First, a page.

Skip to main content Skip to main navigation

Oral History Interview with Baseera Khan, September 11, 2018

Scope and Contents

In this interview, Baseera Khan discusses her parents' early lives in India, her experiences growing up in their insular immigrant family in Denton, Texas, and her encounters with bullying and racism from the broader Denton community. She talks extensively about her involvement in the arts and about "creating spaces" through her artwork, especially regarding her show iamuslima and the design class she was teaching at the New School's Parsons School of Design in New York City during the 2016 presidential election. Throughout the interview, she also repeatedly returns to her feminist interpretation of Islam; the intersection between prejudice, capitalism, and artistic expression; and her broader philosophy regarding the societal inequities around us. In addition, she talks about her formal education and studying art in school. Interview conducted by Liz H. Strong.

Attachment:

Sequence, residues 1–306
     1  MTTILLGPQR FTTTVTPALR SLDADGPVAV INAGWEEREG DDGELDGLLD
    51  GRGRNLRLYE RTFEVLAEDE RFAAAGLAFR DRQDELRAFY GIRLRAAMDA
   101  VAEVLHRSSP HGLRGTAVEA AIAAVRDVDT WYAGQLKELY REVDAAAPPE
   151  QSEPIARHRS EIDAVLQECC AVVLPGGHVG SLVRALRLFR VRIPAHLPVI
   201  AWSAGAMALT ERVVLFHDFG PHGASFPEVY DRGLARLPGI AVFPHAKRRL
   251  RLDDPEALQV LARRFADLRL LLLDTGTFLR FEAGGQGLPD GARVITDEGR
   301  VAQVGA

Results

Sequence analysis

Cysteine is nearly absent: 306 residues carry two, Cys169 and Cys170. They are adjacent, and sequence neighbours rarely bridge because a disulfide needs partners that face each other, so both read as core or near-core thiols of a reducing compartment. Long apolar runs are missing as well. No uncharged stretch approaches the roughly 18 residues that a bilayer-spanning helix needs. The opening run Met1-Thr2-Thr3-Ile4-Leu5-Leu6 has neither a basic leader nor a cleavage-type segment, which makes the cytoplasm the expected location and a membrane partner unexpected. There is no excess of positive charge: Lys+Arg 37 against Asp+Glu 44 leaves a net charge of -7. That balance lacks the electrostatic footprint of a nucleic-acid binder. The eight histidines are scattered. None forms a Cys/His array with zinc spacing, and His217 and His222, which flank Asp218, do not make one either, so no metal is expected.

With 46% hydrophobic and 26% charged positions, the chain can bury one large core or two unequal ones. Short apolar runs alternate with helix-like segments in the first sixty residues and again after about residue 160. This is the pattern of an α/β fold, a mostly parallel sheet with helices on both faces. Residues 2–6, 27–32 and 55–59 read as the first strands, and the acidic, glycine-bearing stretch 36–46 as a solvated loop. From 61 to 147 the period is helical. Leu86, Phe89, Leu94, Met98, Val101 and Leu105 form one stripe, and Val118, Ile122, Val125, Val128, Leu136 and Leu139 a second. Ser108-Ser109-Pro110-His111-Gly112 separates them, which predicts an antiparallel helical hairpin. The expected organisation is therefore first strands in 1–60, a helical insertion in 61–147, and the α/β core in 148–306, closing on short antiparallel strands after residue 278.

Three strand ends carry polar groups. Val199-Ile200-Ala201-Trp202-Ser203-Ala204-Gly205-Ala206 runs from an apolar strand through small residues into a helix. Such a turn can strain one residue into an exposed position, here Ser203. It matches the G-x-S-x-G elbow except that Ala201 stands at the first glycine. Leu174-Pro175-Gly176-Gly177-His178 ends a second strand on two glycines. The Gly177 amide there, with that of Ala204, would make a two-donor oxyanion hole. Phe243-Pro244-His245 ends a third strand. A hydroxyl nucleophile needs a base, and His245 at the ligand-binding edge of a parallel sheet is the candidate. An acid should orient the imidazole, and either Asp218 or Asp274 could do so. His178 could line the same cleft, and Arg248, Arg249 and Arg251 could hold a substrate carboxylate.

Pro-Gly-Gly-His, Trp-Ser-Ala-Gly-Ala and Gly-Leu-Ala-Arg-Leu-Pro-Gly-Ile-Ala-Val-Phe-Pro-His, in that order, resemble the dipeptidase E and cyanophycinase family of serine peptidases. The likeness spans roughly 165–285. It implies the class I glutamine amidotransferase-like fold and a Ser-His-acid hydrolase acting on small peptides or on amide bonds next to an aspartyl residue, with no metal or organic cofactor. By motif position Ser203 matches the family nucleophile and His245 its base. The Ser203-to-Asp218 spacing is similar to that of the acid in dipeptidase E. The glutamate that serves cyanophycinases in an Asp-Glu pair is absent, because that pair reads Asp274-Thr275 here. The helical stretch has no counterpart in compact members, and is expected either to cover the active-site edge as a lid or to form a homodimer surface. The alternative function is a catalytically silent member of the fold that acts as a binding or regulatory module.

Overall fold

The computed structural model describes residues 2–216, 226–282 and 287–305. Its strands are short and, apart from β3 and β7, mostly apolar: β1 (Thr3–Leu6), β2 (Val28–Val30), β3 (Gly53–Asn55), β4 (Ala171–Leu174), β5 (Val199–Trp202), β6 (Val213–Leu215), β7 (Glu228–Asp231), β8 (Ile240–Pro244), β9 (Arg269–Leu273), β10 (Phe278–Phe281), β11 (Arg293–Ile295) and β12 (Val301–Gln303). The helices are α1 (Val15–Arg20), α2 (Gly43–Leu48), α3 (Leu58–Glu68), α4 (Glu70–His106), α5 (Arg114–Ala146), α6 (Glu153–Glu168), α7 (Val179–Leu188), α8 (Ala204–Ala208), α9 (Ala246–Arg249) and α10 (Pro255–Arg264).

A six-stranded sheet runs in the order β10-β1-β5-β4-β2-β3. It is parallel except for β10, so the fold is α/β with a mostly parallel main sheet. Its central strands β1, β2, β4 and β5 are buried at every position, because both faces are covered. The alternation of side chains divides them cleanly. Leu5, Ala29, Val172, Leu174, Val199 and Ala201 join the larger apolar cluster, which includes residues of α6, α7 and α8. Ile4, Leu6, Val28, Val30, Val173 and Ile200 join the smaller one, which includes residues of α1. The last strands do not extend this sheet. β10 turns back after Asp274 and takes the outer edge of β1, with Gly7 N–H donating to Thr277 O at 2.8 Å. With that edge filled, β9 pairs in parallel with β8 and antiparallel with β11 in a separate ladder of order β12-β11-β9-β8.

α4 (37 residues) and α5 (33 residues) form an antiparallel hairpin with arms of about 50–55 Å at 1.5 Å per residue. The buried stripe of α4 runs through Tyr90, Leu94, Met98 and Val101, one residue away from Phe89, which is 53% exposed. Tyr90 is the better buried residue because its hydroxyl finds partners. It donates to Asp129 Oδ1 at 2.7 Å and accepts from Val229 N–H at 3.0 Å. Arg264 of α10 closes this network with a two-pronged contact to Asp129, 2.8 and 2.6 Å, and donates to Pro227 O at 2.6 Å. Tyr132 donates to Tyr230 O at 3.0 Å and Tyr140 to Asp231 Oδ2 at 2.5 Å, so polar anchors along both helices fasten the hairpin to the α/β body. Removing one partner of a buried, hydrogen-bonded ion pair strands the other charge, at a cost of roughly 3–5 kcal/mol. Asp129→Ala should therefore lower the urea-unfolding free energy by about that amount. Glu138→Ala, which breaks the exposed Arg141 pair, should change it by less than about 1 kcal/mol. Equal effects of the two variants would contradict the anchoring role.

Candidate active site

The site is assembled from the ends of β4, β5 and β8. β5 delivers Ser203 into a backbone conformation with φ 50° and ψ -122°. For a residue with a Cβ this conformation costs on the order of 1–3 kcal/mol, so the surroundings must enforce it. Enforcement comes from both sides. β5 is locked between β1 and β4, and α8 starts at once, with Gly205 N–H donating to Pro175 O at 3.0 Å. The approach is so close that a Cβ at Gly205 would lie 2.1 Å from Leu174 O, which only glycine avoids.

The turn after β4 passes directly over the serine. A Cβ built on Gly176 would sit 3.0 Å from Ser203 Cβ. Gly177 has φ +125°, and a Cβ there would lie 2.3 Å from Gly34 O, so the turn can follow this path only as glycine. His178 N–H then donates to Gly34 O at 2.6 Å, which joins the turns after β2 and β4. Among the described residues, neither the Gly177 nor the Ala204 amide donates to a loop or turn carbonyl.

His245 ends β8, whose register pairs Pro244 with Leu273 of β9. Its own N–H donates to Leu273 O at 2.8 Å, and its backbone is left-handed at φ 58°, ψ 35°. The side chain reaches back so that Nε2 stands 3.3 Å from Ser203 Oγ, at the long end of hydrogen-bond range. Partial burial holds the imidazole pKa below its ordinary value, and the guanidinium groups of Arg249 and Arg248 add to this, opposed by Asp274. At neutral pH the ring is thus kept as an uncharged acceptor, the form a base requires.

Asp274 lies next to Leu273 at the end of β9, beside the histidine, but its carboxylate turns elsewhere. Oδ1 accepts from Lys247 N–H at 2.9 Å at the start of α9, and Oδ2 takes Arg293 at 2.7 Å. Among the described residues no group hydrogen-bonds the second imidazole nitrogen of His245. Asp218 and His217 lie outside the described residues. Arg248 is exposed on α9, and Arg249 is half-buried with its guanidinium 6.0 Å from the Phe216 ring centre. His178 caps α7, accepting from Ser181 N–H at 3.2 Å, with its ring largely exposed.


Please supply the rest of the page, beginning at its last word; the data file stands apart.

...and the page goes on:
Biographical / Historical

Baseera Khan was born in 1980 to Indian immigrants in Denton, Texas. She became involved in the arts as a young adult, earning a bachelor of the fine arts from the University of North Texas in Denton and a master of the fine arts from Cornell University in Ithaca, New York. Her artwork has often focused around the intersection of identity, politics, and culture. She participated in art shows and performances at various New York cultural institutions, and her solo exhibition, iamuslima, was first shown at the Participant Inc. Gallery in New York City and later had installments in Texas and Colorado. As a teacher, she also worked to create safe spaces for self-expression and encouraged others to think critically about how a creator's identities inform their work.

Conditions Governing Access

This interview can be accessed onsite at the Center for Brooklyn History's Othmer Library and online at the Oral History Portal.

Center for Brooklyn History
128 Pierrepont Street
Brooklyn, NY 11201